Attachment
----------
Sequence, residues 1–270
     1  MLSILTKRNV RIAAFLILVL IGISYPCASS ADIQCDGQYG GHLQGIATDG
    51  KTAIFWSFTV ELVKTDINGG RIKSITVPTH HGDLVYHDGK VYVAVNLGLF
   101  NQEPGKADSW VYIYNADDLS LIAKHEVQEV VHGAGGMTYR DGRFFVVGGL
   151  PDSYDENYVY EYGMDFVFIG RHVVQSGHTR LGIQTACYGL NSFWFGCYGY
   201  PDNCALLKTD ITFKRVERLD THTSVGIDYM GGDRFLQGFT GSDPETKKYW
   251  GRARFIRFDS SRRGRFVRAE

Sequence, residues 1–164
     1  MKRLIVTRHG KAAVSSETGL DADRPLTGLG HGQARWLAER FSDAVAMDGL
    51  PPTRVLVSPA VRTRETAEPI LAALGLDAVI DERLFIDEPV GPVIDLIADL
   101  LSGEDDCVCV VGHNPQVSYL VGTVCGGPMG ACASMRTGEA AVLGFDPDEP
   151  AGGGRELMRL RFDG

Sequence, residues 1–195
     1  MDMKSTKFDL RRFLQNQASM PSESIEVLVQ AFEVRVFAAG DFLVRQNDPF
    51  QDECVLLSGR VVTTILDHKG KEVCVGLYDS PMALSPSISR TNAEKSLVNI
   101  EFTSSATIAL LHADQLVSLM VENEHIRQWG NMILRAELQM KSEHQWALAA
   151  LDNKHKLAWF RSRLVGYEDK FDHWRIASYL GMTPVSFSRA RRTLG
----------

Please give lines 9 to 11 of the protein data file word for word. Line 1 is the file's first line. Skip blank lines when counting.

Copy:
     1  MKRLIVTRHG KAAVSSETGL DADRPLTGLG HGQARWLAER FSDAVAMDGL
    51  PPTRVLVSPA VRTRETAEPI LAALGLDAVI DERLFIDEPV GPVIDLIADL
   101  LSGEDDCVCV VGHNPQVSYL VGTVCGGPMG ACASMRTGEA AVLGFDPDEP